Yesterday the San Francisco Giants defeated the Colorado Rockies 6-5 in 10 innings. Angel Pagan‘s inside the park home run was a strange ending to a strange game. Because of the distinct situations that arise in a baseball game, strange things happen sometimes. That’s the beauty of a game built around arbitrary numbers and distances. It is also what happens when there are not uniform dimensions to ballparks. Pagan’s home run was made possible by the ridiculous right-center field gap in AT&T Park. All sports are unpredictable; those are just some of the characteristics that make baseball uniquely unpredictable.
You know what else can sway a baseball game? The umpires. As with the officials in every major sport, the best umpire is the one you’ve never heard of. If you know the umpire’s name it probably means they draw more attention to themselves than they ever should. Angel “don’t show me no stinkin’ replays” Hernandez, “Cowboy” Joe West, “Balkin’ Bob Davidson,” and so on.
The exception, of course, is the ultra classy and accountable Jim Joyce. He is well known for being professional in the face of a horribly visible missed call.
For Giants and Rockies fans, Alfonso Marquez joined the list of umpires whom they know by name, and like many before him, it was not because everybody thinks he did a great job. It started with Marquez’s strike zone, which for most of the game was especially generous low and to each corner. Hitters from both teams griped, including a few whom Marquez allowed to get up in his face a bit as they expressed their displeasure. When it comes to strike zones, the cliche goes something like this: just be consistent and call it both ways. Marquez failed in this regard as his zone floated in the later innings, apparently swayed by the constant complaints.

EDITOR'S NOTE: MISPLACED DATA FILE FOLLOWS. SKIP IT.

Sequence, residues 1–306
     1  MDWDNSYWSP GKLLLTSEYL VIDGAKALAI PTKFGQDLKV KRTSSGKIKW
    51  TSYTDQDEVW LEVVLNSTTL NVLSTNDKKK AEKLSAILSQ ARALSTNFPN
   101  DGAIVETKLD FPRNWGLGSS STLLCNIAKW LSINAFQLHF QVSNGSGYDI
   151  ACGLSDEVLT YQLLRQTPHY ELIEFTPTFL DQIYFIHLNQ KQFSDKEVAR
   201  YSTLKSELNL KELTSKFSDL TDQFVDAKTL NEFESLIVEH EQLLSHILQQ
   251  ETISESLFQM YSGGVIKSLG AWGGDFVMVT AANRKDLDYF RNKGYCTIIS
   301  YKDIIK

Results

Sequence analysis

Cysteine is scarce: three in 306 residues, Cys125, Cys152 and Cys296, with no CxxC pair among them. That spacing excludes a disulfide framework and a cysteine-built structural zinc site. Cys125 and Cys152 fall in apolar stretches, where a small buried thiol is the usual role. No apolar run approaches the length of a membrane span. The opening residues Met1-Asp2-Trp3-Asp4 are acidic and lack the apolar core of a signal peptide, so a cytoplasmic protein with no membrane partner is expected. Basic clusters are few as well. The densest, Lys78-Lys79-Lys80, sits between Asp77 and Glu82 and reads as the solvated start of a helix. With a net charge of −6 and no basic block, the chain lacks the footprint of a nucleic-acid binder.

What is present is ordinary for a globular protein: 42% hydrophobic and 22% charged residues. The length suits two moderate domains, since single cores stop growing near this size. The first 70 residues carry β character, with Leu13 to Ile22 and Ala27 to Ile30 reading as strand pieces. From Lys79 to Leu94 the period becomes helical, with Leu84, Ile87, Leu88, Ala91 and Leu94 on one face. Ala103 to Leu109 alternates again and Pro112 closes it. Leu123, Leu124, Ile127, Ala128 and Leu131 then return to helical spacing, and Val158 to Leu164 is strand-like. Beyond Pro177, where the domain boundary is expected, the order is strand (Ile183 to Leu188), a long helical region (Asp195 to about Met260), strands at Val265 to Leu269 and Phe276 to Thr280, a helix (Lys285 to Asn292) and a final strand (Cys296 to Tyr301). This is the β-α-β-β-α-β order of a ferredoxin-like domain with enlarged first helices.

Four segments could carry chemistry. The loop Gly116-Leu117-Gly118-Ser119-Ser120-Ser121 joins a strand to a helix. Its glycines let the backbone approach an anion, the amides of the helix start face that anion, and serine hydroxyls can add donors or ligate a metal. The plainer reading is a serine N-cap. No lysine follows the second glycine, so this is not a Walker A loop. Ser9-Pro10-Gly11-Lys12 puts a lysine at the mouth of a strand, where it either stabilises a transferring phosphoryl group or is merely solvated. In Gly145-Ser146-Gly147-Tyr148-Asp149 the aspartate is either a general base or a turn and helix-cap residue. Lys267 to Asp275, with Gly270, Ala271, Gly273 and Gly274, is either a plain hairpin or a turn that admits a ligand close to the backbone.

Marquez’s real problems started in the bottom of the 7th inning. Giants first baseman Brandon Belt tried to score from third on a grounder to DJ LeMahieu. A close play at the plate followed in which Belt’s leg was clearly under the tag of Yorvit Torrealba. Marquez called him out, and the Giants griped minimally about what was at the very least a bang-bang play that cost them a run. Then came Marquez’s mistake that went viral among baseball fans.
Bottom of the 8th inning, former Rockies great Marco Scutaro on first base. Pablo Sandoval blooped a single to left field and Scutaro, for reasons unknown with the play in front of him, tried to go first-to-third on Carlos Gonzalez. Not surprisingly the throw beat him comfortably. Scutaro, showing some serious veteran savvy, weaved and juked his way around the tag of Nolan Arenado, sliding safely into third…until Arenado looked at Marquez, pointed at Scutaro’s back like he tagged him, and got the out call. At this point, the Giants understandably lost their minds, with Bruce Bochy arguing until he got run.
Had the Rockies held on to win after Troy Tulowitzki‘s 10th inning home run, there would have been extensive bellyaching from the San Francisco faithful that the game was stolen from them. Marquez would have been “public enemy number one” even more than he already will be on Sunday.
We’ve all had bad days at work. When you’re having a bad day you might undermine yourself and lose confidence. You might let other people affect how you handle your business because you’re second-guessing yourself. Then, the harder you try to turn things around and make it a good day, the worse things seem to get. Before you know it you feel like you have completely lost control, that things could not get any worse , and that you just want to go home. I know I can relate, and you have to at least feel for Marquez that for him it happened in a fairly high profile game that was viewed by many people.
Marquez might have been as happy as anybody in the stadium when Pagan crossed home plate in the bottom of the 10th for two reasons: it meant the game was over and he did not have to make a call on a play at the plate.
Timing is as much of an issue as anything for Marquez. Struggling and unaccountable umpires are among the favorite baseball talking points in 2013. There seems to be a consensus that it should be OK for umpires to struggle as long as they aren’t stubborn or arrogant about it. Adrian Johnson was accountable for his mistake when Astros manager Bo Porter made an illegal pitching change. Because he was suspended for that mistake, his is probably less of a lingering issue than the mistake by the aforementioned Hernandez. He was so stupidly bullish about a recently blown home run call that his colleagues across the league are being lumped in and paying for it each time they screw up. These painfully visible mistakes combined with increased calls for replay make it a bad time for an umpire to have a bad day.
Unfortunately for Marquez, he had the worst kind of bad day on Saturday.